Friday, September 21, 2012

Les Miserables-A Skate Mom's Perspective on Revolution and Evolution

The female freedom fighters of the French Revolution have nothing on skating moms. If you want to go miserable-to-miserable, in today's day and age, we'd come pretty close. Let's assess:

  • We're not being shot at, except with occasional sideways glances and whispers from other skating moms. 
  • We're not oppressed. However, occasionally we are stressed, depressed, repressed, or over-dressed.
  • We can relate to "Let them eat cake," because many times that may be all we get for  breakfast, lunch and dinner during competition season, along with a vente Starbucks to wash it down!
  • From time to time we battle absolute monarchies in the form of club officials, coaches and judges. Occasionally, the fight is "feudal."  
  • Our "Age of Enlightenment" usually doesn't come until we're too old and too battle weary. However, it does come if we stick it out long enough. (Trust me on this one.)
  • We may not have "masses in the streets," but we have blankets in the bleachers.
  • Our "Reign of Terror" lasts anywhere from two to five minutes, depending on if it's a short program or a freeskate.
  • Our "Bourbon Restoration" is more likely several glasses of wine.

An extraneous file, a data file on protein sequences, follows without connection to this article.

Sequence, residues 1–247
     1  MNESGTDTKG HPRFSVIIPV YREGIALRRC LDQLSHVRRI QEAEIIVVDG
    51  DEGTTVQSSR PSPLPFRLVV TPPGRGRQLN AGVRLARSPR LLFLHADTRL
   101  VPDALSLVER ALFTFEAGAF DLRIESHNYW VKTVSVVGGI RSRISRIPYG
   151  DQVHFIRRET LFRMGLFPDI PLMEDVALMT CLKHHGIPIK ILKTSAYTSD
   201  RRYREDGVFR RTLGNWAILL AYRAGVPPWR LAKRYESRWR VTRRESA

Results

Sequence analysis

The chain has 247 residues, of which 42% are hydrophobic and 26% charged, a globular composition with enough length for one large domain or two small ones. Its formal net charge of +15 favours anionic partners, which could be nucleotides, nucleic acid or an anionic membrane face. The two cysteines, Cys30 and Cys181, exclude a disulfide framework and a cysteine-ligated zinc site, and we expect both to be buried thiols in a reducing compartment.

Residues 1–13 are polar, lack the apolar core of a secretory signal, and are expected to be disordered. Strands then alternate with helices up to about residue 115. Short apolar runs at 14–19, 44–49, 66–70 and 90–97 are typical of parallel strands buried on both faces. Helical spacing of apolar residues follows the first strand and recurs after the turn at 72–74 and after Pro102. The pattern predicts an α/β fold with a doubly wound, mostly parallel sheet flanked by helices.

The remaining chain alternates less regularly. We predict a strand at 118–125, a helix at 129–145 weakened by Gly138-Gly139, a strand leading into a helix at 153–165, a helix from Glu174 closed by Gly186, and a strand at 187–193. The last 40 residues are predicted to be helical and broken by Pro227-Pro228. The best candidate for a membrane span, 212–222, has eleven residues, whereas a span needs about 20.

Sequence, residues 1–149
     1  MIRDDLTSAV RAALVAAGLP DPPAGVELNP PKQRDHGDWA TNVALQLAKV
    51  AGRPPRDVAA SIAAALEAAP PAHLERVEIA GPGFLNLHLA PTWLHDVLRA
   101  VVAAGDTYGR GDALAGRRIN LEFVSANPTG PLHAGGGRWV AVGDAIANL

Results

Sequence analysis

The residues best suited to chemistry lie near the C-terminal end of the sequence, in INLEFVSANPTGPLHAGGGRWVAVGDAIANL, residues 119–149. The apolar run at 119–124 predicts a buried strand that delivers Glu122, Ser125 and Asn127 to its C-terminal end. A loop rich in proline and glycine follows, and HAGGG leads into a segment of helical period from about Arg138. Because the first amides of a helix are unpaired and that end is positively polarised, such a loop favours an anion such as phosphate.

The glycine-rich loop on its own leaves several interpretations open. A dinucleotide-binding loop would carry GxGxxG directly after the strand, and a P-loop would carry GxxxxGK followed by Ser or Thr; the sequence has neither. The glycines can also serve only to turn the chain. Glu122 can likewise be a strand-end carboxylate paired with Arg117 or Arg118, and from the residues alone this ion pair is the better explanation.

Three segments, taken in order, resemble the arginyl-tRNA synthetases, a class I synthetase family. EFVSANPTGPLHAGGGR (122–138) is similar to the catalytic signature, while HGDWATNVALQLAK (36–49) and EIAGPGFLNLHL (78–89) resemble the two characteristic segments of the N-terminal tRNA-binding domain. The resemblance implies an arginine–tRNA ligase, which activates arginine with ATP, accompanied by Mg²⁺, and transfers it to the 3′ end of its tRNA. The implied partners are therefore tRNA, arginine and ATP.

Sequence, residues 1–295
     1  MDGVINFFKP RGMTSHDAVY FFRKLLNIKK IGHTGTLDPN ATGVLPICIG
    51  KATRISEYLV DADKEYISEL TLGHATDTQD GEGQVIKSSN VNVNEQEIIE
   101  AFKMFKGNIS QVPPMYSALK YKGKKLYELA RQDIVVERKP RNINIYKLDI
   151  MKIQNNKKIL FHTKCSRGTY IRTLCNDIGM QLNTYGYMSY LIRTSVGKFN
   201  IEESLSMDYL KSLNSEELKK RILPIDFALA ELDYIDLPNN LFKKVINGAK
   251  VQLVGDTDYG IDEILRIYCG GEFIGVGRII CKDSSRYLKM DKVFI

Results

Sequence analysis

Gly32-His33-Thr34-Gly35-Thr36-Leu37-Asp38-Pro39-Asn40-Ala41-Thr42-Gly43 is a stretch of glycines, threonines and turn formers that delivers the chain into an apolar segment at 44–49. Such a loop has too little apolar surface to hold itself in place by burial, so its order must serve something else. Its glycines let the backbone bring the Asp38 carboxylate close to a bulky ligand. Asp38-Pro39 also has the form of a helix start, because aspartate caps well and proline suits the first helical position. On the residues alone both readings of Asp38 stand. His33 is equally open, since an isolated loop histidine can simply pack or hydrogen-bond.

• In skating terms, the Third Estate is another mortgage.
  • Our "Book of Grievances" reads like "War and Peace." 
  • For us, the National Assembly convenes every January - usually in some close-to-impossible place to get to.
  • Our National Constituent Assembly is usually preoccupied with constitutional affairs in the washroom - sometimes during competition, but more than likely at the ice resurface.
  • There is no "Cult of Reason." Are  you kidding me? This is skating!
  • We probably know more about "Rise and Fall" than anyone because we've seen it every day in the rink, on every session and at every competition.
  • We export our revolution to other rinks in other cities, states and countries on a regular basis.
  • "Universal male suffrage" only happens to one in 50 of us in this sport, but it doesn't make it any less painful as we watch the scores. We suffer. (Trust me again on this one.)
  • Unlike our distaff counterparts of 1793, we don't go on a rampage for rights. However, we have been known to "sack shops" and "seize grain" while flying through a local shopping mall. We have rarely, if ever, kidnapped officials (even if we've been sorely tempted!).
Finally, historians widely regard the Revolution as one of the most important events in human history. If that's the case, may I have an "AMEN"...with a high level of execution.

See? Nothing's changed.